§ Sir J. Graham
said, he should certainly 335 object to all parties at all times being allowed to appear by their counsel or agents before the commissioners, or assistant Poor-law commissioners. The power should only be given in cases of special investigation.
§ Mr. Aglionby
thought the inquiries had better always be open, as this would tend to produce more of public confidence in them; and it would be, in his opinion, exceedingly injurious to allow the assistant-commissioners or their representatives to close the doors at their pleasure.
§ Mr. Escott
cordially concurred in deprecating any secret inquiries into the operation of the Poor-law; and his opinion was, that the power of making them so at pleasure would produced great suspicion and dissatisfactton. There was, however, another and a far more important point, which did not seem to have been borne in mind during this discussion —and that was the authority from which the appointment of these special commissioners of inquiry was to emanate. Here, in fact, lay the whole matter. It was opposed to every principle of common sense, as it was palpably at variance with the plainest dictates of justice, that parties whose conduct was complained of should virtually conduct the inquiry. Yet, was not this really the case here? For would not the inquiries in effect and in truth be into the operation of the Poor-law, under the administration of the central commissioners, who themselves were to have the selection (it should seem) of those by whom the inquiries were conducted? Really, this appeared one of those cases in which argument was useless, and simple reason was conclusive. He felt warmly on this point, from a sincere conviction, that had this been otherwise, there would have been far less of odium cast upon the commissioners themselves, and far less of injury to the poor; and not less firm was his persuasion, that if now altered in this respect, the law would work with more of public confidence, and infinitely less of public mischief.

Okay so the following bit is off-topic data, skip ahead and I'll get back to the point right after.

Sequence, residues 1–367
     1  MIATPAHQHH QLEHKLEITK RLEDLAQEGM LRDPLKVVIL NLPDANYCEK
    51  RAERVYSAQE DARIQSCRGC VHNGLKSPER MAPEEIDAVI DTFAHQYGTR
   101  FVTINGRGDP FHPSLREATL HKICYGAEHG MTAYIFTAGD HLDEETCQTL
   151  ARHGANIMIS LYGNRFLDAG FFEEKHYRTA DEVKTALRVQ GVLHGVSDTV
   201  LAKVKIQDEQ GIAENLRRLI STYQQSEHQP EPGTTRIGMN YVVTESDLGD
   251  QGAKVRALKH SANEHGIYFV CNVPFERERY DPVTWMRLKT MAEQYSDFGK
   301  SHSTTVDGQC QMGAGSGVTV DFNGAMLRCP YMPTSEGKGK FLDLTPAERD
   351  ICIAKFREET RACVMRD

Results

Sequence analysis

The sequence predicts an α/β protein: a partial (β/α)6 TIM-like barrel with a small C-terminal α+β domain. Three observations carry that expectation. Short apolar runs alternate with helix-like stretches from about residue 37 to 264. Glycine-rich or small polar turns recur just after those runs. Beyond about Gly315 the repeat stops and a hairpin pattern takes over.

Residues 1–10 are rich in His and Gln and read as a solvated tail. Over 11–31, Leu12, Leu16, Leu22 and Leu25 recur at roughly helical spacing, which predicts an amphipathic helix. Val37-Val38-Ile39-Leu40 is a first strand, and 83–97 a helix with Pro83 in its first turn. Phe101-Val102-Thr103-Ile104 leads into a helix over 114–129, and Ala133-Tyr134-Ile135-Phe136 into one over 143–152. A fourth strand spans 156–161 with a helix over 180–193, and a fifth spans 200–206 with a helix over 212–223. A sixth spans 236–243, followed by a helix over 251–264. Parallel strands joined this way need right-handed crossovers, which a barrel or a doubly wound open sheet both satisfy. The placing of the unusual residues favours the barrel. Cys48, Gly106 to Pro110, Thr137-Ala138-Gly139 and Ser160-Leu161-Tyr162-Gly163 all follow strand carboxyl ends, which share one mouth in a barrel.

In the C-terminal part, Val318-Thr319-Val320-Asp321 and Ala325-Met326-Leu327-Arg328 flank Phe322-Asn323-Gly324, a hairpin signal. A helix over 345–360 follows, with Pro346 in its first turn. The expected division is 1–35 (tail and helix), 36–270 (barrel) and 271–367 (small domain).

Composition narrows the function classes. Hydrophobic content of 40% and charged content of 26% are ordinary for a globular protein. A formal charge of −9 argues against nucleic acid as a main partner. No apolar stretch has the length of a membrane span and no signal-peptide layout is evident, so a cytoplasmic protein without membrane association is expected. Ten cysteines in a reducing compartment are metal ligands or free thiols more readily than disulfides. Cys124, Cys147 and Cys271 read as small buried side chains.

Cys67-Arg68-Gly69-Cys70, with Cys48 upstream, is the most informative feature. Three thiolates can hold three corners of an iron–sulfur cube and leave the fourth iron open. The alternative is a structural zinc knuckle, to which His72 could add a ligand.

§ Sir J. Graham
acknowledged, that this argument would be conclusive, were it contemplated that these inquiries should embrace the general administration of the central commissioners; but the clause referred only to local abuses charged against the assistant-commissioners, and as to which the central commissioners required special means of information,
§ Viscount Sandon
said, that though technically and strictly his right hon. Friend might here be correct, yet the commissioners themselves did not consider it in the same light, and practically the inquiries of assistant-commissioners were always conducted with an evident anxiety to avoid any imputation on the Poor-law, as if the conduct of individuals necessarily involved the policy of the law. The point invariably pressed by these authorities most strenuously was, that the persons calling for the inquiry were not only opposed, but unfairly opposed, to the act; and all their energies were bent towards neutralizing the evidence adduced in sun port of the complaint. Now, if the inquiries were conducted by Gentlemen sent from the Home Secretary, there would be no anxiety and effort to make out a " case" for the New Poor-law; but the sole desire would be to elicit the truth satisfactorily and impartially. Had this been the case in the Bridgewater inquiry, there would not have been such cause for public discontent. Nothing was more important in regard to public feeling towards the law than this question.
Mr. R. Yorke
observed, that the conduct of the commissioners themselves would, in these cases, be the subject of inquiry; it was the same as setting a thief to sit in judgment upon his own accomplice.
§ Mr. Aglionby